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Friday, March 17, 2017

True and False Mercy: Pope John Paul II vs. Pope Francis

A pope of true mercy who would never counsel
fornicators and adulterers to commit sacrilege!
One of the devils cleverest tricks is to take a truth and exaggerate it to the point that it becomes false.
That's what we're seeing these days with the virtue of mercy. Emphasize mercy to the extreme and you end up eliminating justice. Being merciful to the sinner translates into blessing his sin to be compassionate. Unfortunately, parents tend to do this because they "don't want to alienate" their children. And so they allow their children to blackmail them into approving their sinful lifestyle. 

I've known parents who allow fornicating children to move into their home or visit and share the same bedroom. Their actions not only encourage the mortally sinful behavior of their children, but desecrates their home which should be the holy temple of the domestic church.

We've seen how "Pope Francis mercy" includes inviting those behaving in mortally sinful ways to commit sacrilege by approaching the altar for Communion. We've heard how some married couples are less married than those in fornicating and adulterous (and even sodomite) partnerships. We've heard the approval of cardinals and bishops who dissent from the faith in many areas and also "heard" the deafening silence of many other princes of the Church called to defend the faith.

But one voice spoke the truth loud and clear. Here's what Pope St. John Paul II said in his encyclical Dives in Misericordia (Rich in Mercy):
Conversion is the most concrete expression there is of the effective action of merciful love in human society. The true and proper meaning of mercy is not simply that one gazes, however penetratingly and compassionately, on moral or physical or material evil. No, what is special about true mercy is that it discerns, fosters and elicits good from all the forms of evil in the world and in human beings. Thus, understood, mercy is the central teaching in Christ's messianic message and the power that explains His work.
Pope St. John Paul II's view of mercy is diametrically opposed to what Francis is preaching where unconverted sinners are given carte blanche to return to the sacraments while they continue their sin based on their personal discernment of their spiritual state. Talk about ear tickling! If you feel justified, go forth and continue in your sin.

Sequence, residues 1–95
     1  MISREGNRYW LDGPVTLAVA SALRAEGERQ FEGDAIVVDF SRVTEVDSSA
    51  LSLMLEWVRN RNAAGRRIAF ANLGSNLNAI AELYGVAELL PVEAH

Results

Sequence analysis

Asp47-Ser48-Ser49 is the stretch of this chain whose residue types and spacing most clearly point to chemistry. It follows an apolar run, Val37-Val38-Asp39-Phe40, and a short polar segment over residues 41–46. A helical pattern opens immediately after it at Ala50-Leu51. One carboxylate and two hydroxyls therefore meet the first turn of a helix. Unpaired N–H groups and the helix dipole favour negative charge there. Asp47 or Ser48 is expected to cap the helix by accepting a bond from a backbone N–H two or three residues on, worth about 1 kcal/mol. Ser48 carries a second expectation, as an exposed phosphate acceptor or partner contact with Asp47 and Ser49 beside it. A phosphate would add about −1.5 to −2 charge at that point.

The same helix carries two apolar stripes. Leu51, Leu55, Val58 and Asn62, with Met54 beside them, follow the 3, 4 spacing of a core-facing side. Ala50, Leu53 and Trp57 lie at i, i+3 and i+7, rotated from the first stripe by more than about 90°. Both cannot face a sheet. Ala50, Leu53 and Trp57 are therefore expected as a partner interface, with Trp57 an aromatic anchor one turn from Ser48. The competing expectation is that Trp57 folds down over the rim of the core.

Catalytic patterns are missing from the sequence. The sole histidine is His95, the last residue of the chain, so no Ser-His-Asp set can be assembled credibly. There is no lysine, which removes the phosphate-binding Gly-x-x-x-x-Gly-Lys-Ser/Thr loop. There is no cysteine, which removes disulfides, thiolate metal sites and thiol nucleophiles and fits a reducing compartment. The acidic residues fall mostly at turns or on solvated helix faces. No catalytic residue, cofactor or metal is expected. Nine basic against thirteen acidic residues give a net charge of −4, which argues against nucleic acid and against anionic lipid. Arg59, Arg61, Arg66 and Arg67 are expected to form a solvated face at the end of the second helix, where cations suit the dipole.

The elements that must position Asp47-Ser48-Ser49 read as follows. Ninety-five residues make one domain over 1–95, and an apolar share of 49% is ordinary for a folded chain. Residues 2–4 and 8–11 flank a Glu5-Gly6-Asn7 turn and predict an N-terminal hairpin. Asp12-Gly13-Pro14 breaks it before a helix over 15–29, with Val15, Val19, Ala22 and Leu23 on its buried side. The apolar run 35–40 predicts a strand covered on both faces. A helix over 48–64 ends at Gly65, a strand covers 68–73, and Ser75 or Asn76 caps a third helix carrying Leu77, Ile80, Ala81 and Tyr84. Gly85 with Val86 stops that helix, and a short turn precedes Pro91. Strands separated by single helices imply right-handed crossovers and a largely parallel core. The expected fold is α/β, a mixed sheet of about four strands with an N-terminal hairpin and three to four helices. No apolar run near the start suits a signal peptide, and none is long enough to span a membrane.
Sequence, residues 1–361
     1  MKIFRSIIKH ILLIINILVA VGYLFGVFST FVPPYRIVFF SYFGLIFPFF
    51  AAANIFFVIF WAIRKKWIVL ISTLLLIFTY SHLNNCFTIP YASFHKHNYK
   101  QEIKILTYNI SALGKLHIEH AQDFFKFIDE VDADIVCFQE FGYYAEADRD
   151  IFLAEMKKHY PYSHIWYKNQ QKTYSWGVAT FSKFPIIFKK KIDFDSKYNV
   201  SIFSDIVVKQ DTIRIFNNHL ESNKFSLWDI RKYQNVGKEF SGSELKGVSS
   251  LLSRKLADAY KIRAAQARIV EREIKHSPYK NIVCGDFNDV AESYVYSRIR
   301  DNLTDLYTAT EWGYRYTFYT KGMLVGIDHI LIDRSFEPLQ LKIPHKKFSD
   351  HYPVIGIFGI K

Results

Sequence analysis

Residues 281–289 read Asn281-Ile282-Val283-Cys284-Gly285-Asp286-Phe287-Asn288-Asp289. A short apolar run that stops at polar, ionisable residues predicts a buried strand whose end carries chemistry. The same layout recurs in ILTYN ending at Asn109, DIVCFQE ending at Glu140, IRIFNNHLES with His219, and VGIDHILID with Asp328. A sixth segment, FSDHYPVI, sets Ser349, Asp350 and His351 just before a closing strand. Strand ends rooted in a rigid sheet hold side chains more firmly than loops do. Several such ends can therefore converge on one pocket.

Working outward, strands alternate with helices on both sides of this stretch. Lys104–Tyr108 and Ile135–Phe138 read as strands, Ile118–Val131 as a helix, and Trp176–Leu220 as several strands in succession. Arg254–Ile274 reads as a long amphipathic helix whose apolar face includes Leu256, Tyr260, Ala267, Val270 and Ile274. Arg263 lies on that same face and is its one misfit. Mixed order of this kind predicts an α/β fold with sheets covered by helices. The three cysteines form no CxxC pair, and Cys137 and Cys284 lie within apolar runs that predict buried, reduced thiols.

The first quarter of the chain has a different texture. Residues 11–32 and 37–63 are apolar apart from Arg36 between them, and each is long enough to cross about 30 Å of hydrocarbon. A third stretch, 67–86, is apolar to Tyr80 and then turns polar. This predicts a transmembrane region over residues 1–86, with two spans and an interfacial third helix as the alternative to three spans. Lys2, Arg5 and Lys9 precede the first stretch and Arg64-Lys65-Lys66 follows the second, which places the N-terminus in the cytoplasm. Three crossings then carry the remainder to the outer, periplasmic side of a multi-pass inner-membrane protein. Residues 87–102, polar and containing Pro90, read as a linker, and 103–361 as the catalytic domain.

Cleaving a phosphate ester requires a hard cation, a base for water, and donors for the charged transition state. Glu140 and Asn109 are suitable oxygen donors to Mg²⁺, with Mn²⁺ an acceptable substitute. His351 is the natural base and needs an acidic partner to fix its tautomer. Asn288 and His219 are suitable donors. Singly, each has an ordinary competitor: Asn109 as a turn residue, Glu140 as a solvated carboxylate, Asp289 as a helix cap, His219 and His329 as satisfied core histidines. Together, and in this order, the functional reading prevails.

Bishops in several countries and/or dioceses have implemented Francis mercy instructing their priests to allow those in sinful partnerships to return to the sacraments. (Malta and the Diocese  of San Diego come to mind.) No correction or instruction from the pope has followed these pastoral scandals. Silence from the chief shepherd of the Church implies consent.

This papal behavior is a far cry from what Pope Pius XI and the future pope, Cardinal Pacelli, did in 1938 when the Nazis invaded Austria. After Cardinal Theodor Innitzer bade his flock to welcome the Germans and support the Anschluss, he was summoned to Rome and ordered to retract (by Cardinal Pacelli speaking for the pope). He later became an ardent foe of the regime.

Silence in a time of crisis is devastating. And, in fact, the great poet Dante in his Inferno designated the hottest places in hell for those who refused to take a stand during a time of moral crisis. Here's what Virgil showed Dante in the bowels of hell:
And I [Dante] - my head oppressed by horror - said:
"Master [Virgil], what is it that I hear? Who are
those people so defeated by their pain?"
And he to me: "This miserable way
is taken by the sorry souls of those
who lived without disgrace and without praise.
They now commingle with the coward angels,
the company of those who were not rebels
nor faithful to their God, but stood apart. 
The heavens, that their beauty not be lessened,
have cast them out, nor will deep Hell receive them -
even the wicked cannot glory in them."
Jesus said it in a different way. "But because thou art lukewarm, and neither cold, not hot, I will begin to vomit thee out of my mouth." Rev. 3:16

Let us all commit this Lent to praying for the conversion of sinners who are being misled into believing they can happily go on sinning and be welcomed to Candyland on Judgment Day. Our Lady, Refuge of Sinners, pray for us.

3 comments:

  1. Nice article, Mary Ann. So true and necessary to hear. Now is the time for every faithful Catholic to fearlessly speak up and out in defense of the faith.

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  2. I'm curious as to what you suggest when a non-married couple has children? Ostracize the children? I'm not sure that's the moral thing to do. I am one of 9 children from a big, traditional Catholic family and, much to my parents' dismay, only 2 of us are married. I have five sets of nieces and nephews whose parents aren't married - it would be sad and hard to exclude them or their parents from family gatherings and the children have done nothing wrong. My mother once lamented to my oldest sister that she "didn't know where she went wrong" but I think my siblings respect their upbringing, they just don't practice Catholicism anymore for various reasons (we are all in our 30s and 40s). I think Pope Francis has the right idea in taking people where they are in the hopes that they will return to the church again - my brother jokes that he might get married on his 50th birthday, but maybe he means it.

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  3. You love them of course. You deal with the situation and cuddle your grandchildren. You don't tell your children they were right to do things the wrong way. But it certainly is not the little ones' fault. And the first thing you do is thank God your children didn't abort your grandchildren.

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